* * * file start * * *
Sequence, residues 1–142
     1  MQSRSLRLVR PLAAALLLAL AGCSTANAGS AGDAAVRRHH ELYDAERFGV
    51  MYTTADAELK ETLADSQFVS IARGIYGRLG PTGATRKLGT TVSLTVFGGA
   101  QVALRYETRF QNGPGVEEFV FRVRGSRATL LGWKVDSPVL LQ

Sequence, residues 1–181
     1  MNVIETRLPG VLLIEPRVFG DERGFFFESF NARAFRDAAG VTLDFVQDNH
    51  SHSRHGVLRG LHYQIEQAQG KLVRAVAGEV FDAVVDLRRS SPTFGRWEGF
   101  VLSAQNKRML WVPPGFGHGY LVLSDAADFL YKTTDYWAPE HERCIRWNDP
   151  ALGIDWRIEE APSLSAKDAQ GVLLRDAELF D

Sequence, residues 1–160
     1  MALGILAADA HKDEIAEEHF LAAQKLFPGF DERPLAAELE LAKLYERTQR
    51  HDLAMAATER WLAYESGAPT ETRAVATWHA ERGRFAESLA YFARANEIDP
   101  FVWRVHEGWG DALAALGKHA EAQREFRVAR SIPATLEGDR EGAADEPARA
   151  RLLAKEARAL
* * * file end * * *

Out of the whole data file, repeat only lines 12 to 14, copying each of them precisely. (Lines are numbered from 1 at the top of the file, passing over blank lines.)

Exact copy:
    51  HDLAMAATER WLAYESGAPT ETRAVATWHA ERGRFAESLA YFARANEIDP
   101  FVWRVHEGWG DALAALGKHA EAQREFRVAR SIPATLEGDR EGAADEPARA
   151  RLLAKEARAL